Sunday, July 10, 2011

Crisp stuffed courgette flowers aka zucchini blossoms

Stuffed courgette flowers / Täidetud suvikõrvitsaõied

From all the vegetables we're growing in our garden, zucchini/courgette thrives best (closely followed by Jerusalem artichokes). And whereas the fruit might need another few days to be ready, zucchini blossoms are perfect already. Previously I've made zucchini blossom fritters and zucchini blossom frittata, this year I tried to stuff them. I came across two more or less identical recipes - one by Lucas Hollweg in the UK Sunday Times, the other by Jamie Oliver. A bit of tweaking here and there (who uses self-rising flour!?!?), and I came up with this version that we all LOVED.

You can use both male and female zucchini blossoms for this dish, as I did. (How can you tell them apart? The female blossoms have a tiny zucchini attached to them; the male blossoms just have the stem). I usually just use the male blossoms, as the female are the ones providing us with tasty courgettes later on. The male blossoms look like this:

Courgette flower / Zucchini blossom / Suvikõrvitsaõis
Male courgette flower/zucchini blossom

However, if you don't need so many proper zucchinis, you can pick the female blossoms as well - it'll give you a more substantial dish.

Courgette flowers / Zucchini flowers / Suvikõrvitsaõied
Courgette flowers @ Lyon Market, France, August 2009. Female blossoms are at the front, male blossoms at the back.

What's your favourite way to stuff courgette flowers/zucchini blossoms?

Deep-fried stuffed courgette flowers
(Frititud täidetud suvikõrvitsaõied)

Stuffed courgette flowers / Täidetud suvikõrvitsaõied

12 large and fresh zucchini blossoms/courgette flowers
vegetable oil, for frying

Filling:
250 g ricotta cheese
25 g freshly grated Parmesan cheese
finely grated zest of half a lemon
a small handful of fresh mint, finely chopped
a generous pinch of freshly grated nutmeg
salt anf freshly ground black pepper

Batter:
120 g all-purpose/plain flour (about 200 ml)
0.5 tsp baking powder
a pinch of salt
250 ml (a cup) of sparkling water/mineral water

To serve:
sea salt flakes and lemon wedges

Make the filling. Mix ricotta, Parmesan, lemon zest and mind leaves. Season generously with salt, pepper and nutmeg. Form the mixture into 12 small balls.
Prepare the zucchini blossoms - I avoid rinsing, if at all possible, and neither do I remove the
filaments from the female flowers. (You're welcome to do so, if you prefer). Make sure there are no little critters hiding inside the blossoms! Using your fingers, gently open each blossom and place one small stuffing ball inside. Gently close the blossom around the filling - either just folding the petals over the stuffing, twisting the petals or using a chive to tie the petals tightly together.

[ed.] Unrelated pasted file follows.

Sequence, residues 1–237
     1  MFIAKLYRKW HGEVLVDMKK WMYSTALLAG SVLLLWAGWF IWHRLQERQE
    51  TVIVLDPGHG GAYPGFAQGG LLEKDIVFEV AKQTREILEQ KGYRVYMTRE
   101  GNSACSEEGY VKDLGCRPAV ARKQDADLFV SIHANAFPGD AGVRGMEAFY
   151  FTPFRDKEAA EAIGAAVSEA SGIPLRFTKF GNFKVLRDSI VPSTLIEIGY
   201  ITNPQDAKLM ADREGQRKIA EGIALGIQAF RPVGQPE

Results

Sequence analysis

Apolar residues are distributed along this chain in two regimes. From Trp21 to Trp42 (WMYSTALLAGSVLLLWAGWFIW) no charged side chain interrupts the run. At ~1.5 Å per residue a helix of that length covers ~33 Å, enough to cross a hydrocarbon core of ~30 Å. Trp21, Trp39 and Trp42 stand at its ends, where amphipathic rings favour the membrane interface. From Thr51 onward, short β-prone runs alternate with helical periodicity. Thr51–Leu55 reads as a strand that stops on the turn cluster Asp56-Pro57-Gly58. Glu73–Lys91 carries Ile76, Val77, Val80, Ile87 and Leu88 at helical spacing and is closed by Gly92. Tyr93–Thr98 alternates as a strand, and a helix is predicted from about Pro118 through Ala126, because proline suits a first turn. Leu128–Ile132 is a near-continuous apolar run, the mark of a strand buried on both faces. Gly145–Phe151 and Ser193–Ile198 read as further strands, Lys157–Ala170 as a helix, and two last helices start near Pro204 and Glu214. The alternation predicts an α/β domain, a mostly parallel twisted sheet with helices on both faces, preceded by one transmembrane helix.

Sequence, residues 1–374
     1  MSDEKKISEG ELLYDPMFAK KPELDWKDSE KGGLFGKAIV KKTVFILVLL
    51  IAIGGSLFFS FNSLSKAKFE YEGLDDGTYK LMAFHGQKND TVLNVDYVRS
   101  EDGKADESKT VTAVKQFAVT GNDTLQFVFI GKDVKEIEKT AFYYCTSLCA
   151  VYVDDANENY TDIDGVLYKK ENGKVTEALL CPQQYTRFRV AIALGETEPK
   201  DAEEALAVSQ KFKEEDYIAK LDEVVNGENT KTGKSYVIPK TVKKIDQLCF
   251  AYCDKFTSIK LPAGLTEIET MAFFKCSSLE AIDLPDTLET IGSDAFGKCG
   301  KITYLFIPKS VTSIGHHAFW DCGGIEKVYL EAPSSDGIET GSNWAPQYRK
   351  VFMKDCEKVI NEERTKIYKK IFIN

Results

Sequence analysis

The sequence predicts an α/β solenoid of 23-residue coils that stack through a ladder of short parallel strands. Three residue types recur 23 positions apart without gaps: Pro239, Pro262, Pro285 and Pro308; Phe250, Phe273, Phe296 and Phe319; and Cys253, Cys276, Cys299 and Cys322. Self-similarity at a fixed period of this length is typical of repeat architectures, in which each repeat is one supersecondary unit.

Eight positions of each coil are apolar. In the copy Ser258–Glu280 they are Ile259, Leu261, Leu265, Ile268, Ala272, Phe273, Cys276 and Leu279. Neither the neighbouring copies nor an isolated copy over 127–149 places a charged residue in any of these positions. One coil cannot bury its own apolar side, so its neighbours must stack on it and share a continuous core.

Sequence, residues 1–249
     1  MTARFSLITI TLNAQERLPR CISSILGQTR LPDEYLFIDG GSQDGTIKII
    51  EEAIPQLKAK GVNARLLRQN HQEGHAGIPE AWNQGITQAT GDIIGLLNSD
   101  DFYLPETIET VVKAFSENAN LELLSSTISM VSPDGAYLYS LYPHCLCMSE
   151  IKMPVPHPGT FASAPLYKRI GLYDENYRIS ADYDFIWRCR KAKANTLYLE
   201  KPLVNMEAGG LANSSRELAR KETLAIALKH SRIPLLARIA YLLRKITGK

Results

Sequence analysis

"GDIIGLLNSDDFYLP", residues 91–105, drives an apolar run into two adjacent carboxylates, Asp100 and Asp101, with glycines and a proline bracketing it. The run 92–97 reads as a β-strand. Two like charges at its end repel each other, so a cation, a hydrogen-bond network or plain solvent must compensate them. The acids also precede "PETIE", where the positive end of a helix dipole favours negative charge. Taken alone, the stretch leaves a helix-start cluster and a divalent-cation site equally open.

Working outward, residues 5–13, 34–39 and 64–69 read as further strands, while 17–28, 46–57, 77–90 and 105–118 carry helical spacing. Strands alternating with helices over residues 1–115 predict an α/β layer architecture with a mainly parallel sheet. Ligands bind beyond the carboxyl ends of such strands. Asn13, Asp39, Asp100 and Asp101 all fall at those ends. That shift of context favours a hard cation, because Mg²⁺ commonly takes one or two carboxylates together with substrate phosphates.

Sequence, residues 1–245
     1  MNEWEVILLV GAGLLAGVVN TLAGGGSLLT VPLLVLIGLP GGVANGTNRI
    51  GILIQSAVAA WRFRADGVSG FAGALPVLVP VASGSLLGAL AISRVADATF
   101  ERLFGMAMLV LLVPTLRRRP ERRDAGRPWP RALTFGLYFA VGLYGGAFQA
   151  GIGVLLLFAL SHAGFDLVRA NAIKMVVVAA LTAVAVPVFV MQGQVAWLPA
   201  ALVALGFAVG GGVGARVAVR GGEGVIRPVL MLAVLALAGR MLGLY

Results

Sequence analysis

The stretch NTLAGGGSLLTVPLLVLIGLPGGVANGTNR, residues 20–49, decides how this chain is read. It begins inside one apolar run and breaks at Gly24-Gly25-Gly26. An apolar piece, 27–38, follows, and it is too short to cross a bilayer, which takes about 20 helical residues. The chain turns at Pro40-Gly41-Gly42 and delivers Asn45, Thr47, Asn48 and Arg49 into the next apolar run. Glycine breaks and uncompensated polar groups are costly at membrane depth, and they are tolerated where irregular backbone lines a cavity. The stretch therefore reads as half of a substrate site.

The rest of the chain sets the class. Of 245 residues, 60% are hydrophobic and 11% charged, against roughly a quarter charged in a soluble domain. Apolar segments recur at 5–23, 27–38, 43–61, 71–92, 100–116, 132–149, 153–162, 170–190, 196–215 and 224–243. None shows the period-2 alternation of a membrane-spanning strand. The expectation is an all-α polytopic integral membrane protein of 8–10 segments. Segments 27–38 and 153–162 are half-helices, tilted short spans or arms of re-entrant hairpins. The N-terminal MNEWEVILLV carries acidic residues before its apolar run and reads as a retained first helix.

Mix the ingredients for the batter - it should have the consistency of a thin crepe batter.
Heat 4-5 cm (about 2 inches) of oil in a small saucepan. The temperature is about right when a little peeled potato cube or bread cube begins to sizzle and turns into nice golden brown when you drop it into the oil.
Now, working with couple of zucchini blossoms at the time, dip them into the batter, then lower them into hot oil. Fry for about 2-3 minutes, then gently turn them over and let them brown on the other side as well.
Using a slotted spoon, transfer them into a double layer of kitchen paper to drain off the excess oil.
Fry the rest of the stuffed zucchini blossoms in a similar fashion.

Serve hot, sprinkled with some Maldon sea salt and lemon wedges on the side.

Here's another close-up:
Stuffed courgette flowers / Täidetud suvikõrvitsaõied

10 comments:

Kristel said...

Kadestan! Ja tahan kohe Itaaliasse sõita!

Heidi Park said...

Looks so yummy!

Juc said...

Ääretult isuäratav... tahan kaaaaa! Valge külma veini kõrvale! :) Aga mul on selline kogemus, et kui ma kõrvitsa õisi teen ja emasõisi kasutan, siis peab sealt seest selle alge välja võtma, sest muidu on metsikult mõru. Isasõisikutel seda probleemi pole olnud. Kas suvikõrvitsa puhul pole emasõiel midagi mõru sees?

Kalyn said...

Every year I say I will try this but I still haven't done it! Looks like they would taste amazing.

Alanna Kellogg said...

Very pretty! I usually turn up my nose at stuffing/frying these but okay, you have my attention esp since we are overrun with squash blossoms - thick with bees yesterday morning.

Deb said...

Wow! What an ambitious idea! I must make some--they look lovely... and I'm going to use the new HimalaSalt pink salt from Sustainable Sourcing that I just bought (here's their website: https://secure.sustainablesourcing.com so you can try it too!). I love the flavor AND color. Thanks for posting this wonderful recipe.

domy warszawa said...

Looks great for me:)

Richelle said...

Long time lurker and fan, first time poster I think.

I stuff them with ground raw chicken, spiced with salt, pepper, ginger and a bit of chili sauce. Then wrap a thin slice of bacon around them and bake them a la plancha on a grill board on top of the largest pit of my gas stove. Grill some courgettes, quartered at the same time.

Enjoy!

Richelle from Andalucia
P.S. the tomatoes are taking colour so I see your tomato/mustard tarte coming up again real soon!

Richelle said...

Ah, forgot to mention that they freeze really well, so we'll be enjoying zucchini blossoms in the middle of winter as well!

Gina @ Skinnytaste said...

I absolutely love these, looks beautiful!